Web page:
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How businesses can help employees boost their productivity
A group of businesspeople surrounding a table brainstorming.
Whether people are working from home, in offices, or in some sort of hybrid model, businesses are always looking to boost productivity—how many goods or services a worker can produce or provide on an hourly basis.
There’s been a lot of movement already: U.S. workers are collectively 164% more productive at work than they were in 1948, according to a recent analysis by the nonpartisan Economic Policy Institute.
But there are signs that there may be limits to what worked in past decades: In 2022, U.S. worker productivity dipped the most it has since the 1980s as inflation lowered real hourly wages by more than 3% year over year in the third quarter, according to the Bureau of Labor Statistics.
ClickUp analyzed leading research as well as nonpartisan studies from the last decade and compiled a list of methods that have the potential to assist workers in reaching peak productivity while working.
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A person opening an envelope containing their paycheck.
While several states and Washington D.C. have increased their minimum wage in recent years, the federal minimum wage has remained at $7.25 per hour since 2009. Over roughly that same time, from 2007 to 2021, the Bureau of Labor Statistics found that workers’ productivity increased by an average of 1.4% a year.
“Nationally, labor productivity grew slightly faster than compensation,” the BLS reported. So while pay didn’t always increase accordingly, workers were more productive. But companies, especially at a time of record corporate profits, have an opportunity to do better, by surprising workers with raises.
A 2018 report from Harvard Business Review said that “research … has found that when a company gives unexpected pay increases, workers often reciprocate [the gesture] by working harder than is required (even if they don’t worry about getting fired).”
Part of the research includes a 2016 Management Science study that notes “unexpected gifts” generate a worker’s reciprocity to their company and motivates them to stay at a good-paying job—as long as those higher-paying jobs keep paying more than their competitors.
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A group of young, engaged employees working together.
Workers who feel energized and excited about their work—something often measured as employee engagement—are associated with higher performance, a more dedicated work ethic, and staying longer at the company, according to management consulting firm Qualtrics.
Gallup found an 18% increase in productivity in sales when employees were engaged at work or became involved and enthusiastic in their work and workplace. But the company’s polling also found that just 33% of U.S. employees felt engaged at work in 2022.
One way to increase engagement—and, in turn, productivity—is to ask workers to track their own outputs. For knowledge workers in particular—people like software developers, writers, and researchers—tracking their own efforts can boost productivity by helping them “understand and reflect on how they spend their time,” according to a 2019 academic study.
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Reject the open office, embrace solitude
A businessperson adjusting their tie while inside their private office.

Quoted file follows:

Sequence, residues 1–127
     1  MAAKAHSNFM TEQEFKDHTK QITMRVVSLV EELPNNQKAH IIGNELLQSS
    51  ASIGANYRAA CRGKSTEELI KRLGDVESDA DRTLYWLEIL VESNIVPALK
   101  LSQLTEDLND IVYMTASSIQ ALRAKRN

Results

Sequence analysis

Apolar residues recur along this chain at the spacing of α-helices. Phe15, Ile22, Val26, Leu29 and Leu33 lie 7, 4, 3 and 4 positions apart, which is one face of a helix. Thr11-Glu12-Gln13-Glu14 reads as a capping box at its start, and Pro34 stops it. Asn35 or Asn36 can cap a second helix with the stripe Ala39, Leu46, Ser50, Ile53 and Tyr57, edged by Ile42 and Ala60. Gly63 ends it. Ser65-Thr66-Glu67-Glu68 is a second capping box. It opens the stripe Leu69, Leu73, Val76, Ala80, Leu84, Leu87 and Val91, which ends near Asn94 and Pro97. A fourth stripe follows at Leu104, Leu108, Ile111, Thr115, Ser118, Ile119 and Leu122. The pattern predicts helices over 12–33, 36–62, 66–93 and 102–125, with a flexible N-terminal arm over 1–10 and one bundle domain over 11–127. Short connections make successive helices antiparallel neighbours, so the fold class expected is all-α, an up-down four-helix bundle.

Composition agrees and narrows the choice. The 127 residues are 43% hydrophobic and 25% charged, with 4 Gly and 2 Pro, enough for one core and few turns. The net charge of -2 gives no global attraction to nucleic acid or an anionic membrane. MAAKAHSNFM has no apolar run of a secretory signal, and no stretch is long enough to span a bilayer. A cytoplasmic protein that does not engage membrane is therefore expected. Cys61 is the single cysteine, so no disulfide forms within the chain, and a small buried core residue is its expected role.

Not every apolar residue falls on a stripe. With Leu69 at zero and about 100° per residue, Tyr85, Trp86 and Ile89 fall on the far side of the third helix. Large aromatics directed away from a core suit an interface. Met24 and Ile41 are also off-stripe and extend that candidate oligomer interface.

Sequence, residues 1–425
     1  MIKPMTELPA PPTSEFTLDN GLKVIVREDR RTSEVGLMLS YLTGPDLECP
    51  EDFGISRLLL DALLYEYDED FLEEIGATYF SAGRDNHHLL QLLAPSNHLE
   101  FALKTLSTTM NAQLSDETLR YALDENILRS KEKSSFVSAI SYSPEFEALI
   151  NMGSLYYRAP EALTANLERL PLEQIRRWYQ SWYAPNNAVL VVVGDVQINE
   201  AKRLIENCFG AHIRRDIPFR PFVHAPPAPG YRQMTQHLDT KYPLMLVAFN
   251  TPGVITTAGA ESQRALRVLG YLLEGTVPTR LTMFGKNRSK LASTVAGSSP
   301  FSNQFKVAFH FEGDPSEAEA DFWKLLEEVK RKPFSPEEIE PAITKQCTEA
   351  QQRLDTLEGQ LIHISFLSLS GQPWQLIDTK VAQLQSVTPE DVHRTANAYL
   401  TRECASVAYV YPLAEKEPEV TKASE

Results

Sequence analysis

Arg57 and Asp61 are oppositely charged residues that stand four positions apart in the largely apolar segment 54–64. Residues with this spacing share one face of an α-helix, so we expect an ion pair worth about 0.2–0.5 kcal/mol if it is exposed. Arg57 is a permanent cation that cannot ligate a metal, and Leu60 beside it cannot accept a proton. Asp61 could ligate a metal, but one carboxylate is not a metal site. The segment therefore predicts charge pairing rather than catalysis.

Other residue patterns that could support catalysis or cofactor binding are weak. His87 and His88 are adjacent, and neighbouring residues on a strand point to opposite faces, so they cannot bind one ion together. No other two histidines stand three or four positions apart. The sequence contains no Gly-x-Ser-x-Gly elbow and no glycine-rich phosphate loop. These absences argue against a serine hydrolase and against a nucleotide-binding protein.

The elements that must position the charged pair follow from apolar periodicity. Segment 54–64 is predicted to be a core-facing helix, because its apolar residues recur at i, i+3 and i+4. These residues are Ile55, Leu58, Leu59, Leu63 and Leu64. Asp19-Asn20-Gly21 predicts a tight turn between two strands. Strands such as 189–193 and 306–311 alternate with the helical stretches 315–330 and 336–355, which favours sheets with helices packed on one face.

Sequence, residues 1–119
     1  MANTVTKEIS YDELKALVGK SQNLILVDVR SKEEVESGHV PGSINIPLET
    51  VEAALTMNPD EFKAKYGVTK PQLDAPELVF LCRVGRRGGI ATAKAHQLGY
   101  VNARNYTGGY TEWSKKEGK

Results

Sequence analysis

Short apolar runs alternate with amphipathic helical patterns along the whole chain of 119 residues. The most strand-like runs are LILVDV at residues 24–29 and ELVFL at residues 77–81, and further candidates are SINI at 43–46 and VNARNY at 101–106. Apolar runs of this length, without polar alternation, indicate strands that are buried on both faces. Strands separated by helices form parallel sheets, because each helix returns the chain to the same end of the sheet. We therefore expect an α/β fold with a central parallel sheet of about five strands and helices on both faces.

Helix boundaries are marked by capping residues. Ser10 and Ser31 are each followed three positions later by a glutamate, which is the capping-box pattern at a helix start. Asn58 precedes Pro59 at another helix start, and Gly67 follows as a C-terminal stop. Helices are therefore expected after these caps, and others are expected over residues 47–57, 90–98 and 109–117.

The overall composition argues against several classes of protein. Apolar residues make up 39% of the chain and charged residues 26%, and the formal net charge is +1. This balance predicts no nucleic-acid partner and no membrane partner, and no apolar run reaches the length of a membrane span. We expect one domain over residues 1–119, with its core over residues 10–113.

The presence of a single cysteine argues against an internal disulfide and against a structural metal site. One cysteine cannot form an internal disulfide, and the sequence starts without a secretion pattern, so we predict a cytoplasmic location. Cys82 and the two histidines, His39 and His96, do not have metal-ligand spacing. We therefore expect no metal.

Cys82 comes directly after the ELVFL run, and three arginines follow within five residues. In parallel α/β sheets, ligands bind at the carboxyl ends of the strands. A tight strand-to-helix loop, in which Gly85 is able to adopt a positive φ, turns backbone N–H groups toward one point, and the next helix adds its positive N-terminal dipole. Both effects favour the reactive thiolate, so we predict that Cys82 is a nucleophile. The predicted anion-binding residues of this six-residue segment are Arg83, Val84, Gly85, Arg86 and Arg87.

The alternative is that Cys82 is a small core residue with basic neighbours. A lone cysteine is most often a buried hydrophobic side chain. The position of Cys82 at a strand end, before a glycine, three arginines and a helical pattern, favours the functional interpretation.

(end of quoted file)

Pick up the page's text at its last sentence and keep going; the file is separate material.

It has long been known that open offices hurt productivity by providing workers with lots of distractions and interruptions. An academic study published in 2020 found that workers in private offices performed 14% better than employees in open-plan offices on a cognitive task.
Indeed, the rise of remote work during the pandemic led to claims—and evidence—that workers were more productive, with less commute time, more control over their environments, and more time to focus on their own work without dealing with a room full of colleagues.
Of course, one way employers can keep productivity up is to continue to allow people to work from home. But if some workers have to be in the office at least some of the time, employers can still keep their output high by providing private offices and considering compensation for the time or costs spent commuting to work.
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A blank calendar with a pen sitting on top of it.
We’ve all been there. “This meeting could have been an email” is as much of a meme as it is a serious critique of time management. It is useful for team members to check in with each other about progress on shared efforts, and get updates on people’s priorities, schedules, and availability.
To accomplish those goals without making everyone sit around a table or gather virtually on a Zoom call, researchers suggest setting up a work Slack channel with conversational prompts, set at the same time each day. In general, fewer meetings do lead to more productivity, according to Harvard Business Review research.
Another way to reduce the likelihood of meetings is to declare companywide days without meetings—not for supervisors, managers, high-level executives, or even with clients. A 2022 MIT Sloan Management Review study found that one meeting-free day a week increased productivity and helped them feel less stressed and less micromanaged.
Other benefits to no-meeting days include extended time for focusing on tasks and encouraging everyone to think more carefully about meetings so that when they do occur, they can be more “specific, efficient, and accountable,” according to corporate management consultant Gordon Jenkins.
This story originally appeared on ClickUp and was produced and
distributed in partnership with Stacker Studio.